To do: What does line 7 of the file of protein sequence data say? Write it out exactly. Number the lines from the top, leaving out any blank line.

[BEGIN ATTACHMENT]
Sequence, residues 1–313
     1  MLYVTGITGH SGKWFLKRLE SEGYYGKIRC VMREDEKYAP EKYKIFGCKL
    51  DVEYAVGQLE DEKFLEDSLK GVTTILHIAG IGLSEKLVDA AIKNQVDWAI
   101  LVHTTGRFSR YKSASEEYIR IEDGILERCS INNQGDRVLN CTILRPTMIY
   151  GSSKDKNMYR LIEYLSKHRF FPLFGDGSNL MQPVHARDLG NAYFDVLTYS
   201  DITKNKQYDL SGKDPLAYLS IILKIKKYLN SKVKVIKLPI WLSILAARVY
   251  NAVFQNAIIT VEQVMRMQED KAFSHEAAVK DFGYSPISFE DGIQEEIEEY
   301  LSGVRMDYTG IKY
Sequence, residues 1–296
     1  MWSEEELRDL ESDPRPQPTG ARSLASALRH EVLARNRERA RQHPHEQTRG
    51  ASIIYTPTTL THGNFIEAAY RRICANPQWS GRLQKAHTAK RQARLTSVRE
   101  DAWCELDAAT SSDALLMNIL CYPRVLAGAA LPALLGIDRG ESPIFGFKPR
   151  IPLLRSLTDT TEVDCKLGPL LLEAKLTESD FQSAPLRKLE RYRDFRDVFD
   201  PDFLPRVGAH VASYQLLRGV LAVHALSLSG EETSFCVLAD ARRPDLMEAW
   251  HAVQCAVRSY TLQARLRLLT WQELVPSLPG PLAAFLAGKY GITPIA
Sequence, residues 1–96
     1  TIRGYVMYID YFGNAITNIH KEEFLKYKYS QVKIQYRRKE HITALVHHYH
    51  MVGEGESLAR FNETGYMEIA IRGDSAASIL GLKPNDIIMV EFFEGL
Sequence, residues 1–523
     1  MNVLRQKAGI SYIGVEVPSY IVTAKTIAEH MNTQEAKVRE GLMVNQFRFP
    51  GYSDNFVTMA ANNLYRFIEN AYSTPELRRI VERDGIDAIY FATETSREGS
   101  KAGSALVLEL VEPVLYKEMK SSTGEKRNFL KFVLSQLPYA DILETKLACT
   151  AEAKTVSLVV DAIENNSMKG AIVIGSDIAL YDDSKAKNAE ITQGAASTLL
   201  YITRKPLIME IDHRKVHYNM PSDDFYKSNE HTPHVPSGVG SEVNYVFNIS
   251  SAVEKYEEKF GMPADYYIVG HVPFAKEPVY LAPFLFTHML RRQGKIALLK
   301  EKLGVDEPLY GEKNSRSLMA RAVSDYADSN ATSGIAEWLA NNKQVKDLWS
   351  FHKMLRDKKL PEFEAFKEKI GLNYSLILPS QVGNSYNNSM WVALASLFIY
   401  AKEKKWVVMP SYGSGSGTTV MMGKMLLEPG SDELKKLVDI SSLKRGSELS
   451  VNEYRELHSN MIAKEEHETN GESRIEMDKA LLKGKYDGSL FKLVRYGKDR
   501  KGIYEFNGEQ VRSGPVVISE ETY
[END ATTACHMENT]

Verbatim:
   251  NAVFQNAIIT VEQVMRMQED KAFSHEAAVK DFGYSPISFE DGIQEEIEEY